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PGA Tour applying the 'more is more' philsophy

PGA Tour commissioner Tim Finchem. (Getty Images)

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PARAMUS, N.J. – Consider it a Catch-22. Or a double-edged sword. Or just an example of the PGA Tour being a victim of its own success.

When the FedEx Cup playoff format was introduced in 2006 and implemented one year later, commissioner Tim Finchem offered two major benefits to players and fans alike: It would allow the schedule to end before the meaty part of the lionized football season and it would offer everyone an opportunity to enjoy an offseason away from the game before it geared back up again.

In effect, the PGA Tour was attempting to enact a less-is-more philosophy.

Think about how it’s worked for football. From February through August, the game hibernates and plans its impending attack on our loyalties. Fans pine for the pigskin when it’s gone, and then celebrate its arrival with the fervency of most holidays. Year after year, again and again, the cyclical nature of the game dangles a gratuitous carrot in front of our noses and lets us take a significant bite, only to run off again and leave us chasing.

That’s never been the case in golf – and it won’t be anytime soon.

This season’s schedule of 45 tournaments has already increased to 47 for next season, with Finchem revealing, “We’re looking at one more.”

The commissioner’s optimistically tinged self-fulfilling prophecy of eight years ago has effectively stalled. While the first two playoff events – this week’s Barclays and next week’s Deutsche Bank Championship – conclude prior to the NFL’s opening week, the final two are directly up against what Finchem knows all too well is an unbeatable Sunday ratings behemoth.


The Barclays: Articles, videos and photos


Meanwhile, the duration between the last putt of this season and the first tee shot of the next one is exactly 22 days – and, oh by the way, that “offseason” happens to include a little thing called the Ryder Cup.

You get the drift. The carrot isn’t dangling in front of our noses. It’s being stuffed down our throats.

“The difference between now and when we talked about that originally is that we now start a new season,” Finchem explained Tuesday. “The season’s over. So it’s really still about the same variables for a player. How many tournaments are you going to play over the course of a season?”

The result – not that Finchem will admit it – has been a heavily diluted product because of so many inconsistencies. Every top player competes at the major championships and The Players. Just about every one of them plays in at least three WGC events. Same goes for all four playoff tournaments, although coming weeks might prove that prediction a little too hopeful.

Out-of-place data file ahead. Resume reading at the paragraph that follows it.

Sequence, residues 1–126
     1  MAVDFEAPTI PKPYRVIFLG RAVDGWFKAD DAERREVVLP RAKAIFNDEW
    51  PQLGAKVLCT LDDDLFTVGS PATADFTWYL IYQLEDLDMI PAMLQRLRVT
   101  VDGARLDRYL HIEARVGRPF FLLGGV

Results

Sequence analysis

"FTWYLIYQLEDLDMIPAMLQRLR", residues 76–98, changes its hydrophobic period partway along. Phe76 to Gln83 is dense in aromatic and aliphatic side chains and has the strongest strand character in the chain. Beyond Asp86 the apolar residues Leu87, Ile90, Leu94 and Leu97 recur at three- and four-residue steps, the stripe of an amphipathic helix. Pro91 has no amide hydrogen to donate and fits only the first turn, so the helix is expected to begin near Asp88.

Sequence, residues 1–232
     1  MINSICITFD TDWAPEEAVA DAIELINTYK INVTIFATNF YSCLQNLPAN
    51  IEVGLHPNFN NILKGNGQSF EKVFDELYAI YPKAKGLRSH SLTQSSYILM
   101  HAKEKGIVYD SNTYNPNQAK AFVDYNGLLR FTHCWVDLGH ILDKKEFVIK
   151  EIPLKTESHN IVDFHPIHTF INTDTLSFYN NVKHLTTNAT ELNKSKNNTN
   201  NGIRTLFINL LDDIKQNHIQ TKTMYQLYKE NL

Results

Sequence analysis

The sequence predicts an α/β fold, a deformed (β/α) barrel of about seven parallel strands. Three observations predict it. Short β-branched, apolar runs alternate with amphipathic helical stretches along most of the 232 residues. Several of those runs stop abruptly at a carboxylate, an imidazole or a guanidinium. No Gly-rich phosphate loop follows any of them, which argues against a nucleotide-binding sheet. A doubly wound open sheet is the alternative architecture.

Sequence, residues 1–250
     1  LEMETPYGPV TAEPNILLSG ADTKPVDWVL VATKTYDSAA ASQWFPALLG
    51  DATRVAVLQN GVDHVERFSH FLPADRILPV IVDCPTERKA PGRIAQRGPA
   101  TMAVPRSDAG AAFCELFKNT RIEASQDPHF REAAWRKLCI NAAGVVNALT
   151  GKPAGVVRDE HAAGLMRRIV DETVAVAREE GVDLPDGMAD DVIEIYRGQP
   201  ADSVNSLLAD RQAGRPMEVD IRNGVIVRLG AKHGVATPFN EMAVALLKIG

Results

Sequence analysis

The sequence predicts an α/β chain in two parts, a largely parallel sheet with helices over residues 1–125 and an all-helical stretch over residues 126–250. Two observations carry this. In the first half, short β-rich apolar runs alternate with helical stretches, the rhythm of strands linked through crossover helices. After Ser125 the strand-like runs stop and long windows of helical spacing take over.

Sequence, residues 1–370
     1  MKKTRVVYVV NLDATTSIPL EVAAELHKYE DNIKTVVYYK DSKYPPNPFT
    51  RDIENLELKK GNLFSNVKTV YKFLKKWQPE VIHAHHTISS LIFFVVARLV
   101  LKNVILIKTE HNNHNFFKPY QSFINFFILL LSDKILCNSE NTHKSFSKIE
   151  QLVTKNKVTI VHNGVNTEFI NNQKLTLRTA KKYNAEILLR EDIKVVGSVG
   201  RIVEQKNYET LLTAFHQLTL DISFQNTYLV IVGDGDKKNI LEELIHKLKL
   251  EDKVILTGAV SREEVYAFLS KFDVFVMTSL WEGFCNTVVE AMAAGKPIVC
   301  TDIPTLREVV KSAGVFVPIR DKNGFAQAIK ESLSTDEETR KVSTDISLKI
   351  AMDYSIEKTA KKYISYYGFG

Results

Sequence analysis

Other tournaments simply fall in line under the next tier. Three top-10 players one week; seven of the top-20 the next week; 16 of the top-50 after that. Unlike NASCAR, another sports league for an individual sport, there’s no consistency with elite competitors vying against each other on a weekly basis, leaving the PGA Tour in a sense of athletic purgatory.

But therein lies the Catch-22.

Before we criticize Finchem and those in Camp Ponte Vedra too harshly, it should be noted that their navigation of choppy waters during the economic recession was nothing less than masterful. In a sport dependent on sponsors ponying up millions of dollars each week to hold the competition, they not only treaded these waters but witnessed continued growth throughout.

No sports executive in his right mind would turn down an incoming flow of income. None would retract when expansion is a clear possibility.

And that’s exactly what’s happened with the PGA Tour since the FedEx Cup playoffs were first implemented. That’s why the final few events of the season will run opposite the beginning of the football bonanza, why there’s hardly any space between one season’s end and the next one’s beginning and why golf never feels like it ever goes away.

It’s also why it won’t change anytime soon, either.

“We felt like if the playoffs got to be interesting enough, we could carry our audience pretty well for a few weeks into football and that’s materialized,” Finchem said. “So we like the positioning of the dates.”

When speaking on another topic Tuesday, the commissioner also stated, “I’m always of the view that if it ain’t broke, don’t fix it.” Clearly, that’s the attitude toward the current schedule. From a sponsorship standpoint, supply is exceeding previous demand, which has in turn led to greater supply.

Eight years after the FedEx Cup format was first introduced, this remains an example of the PGA Tour being a victim of its own success. Call it a problem, but it’s hardly the worst problem to have.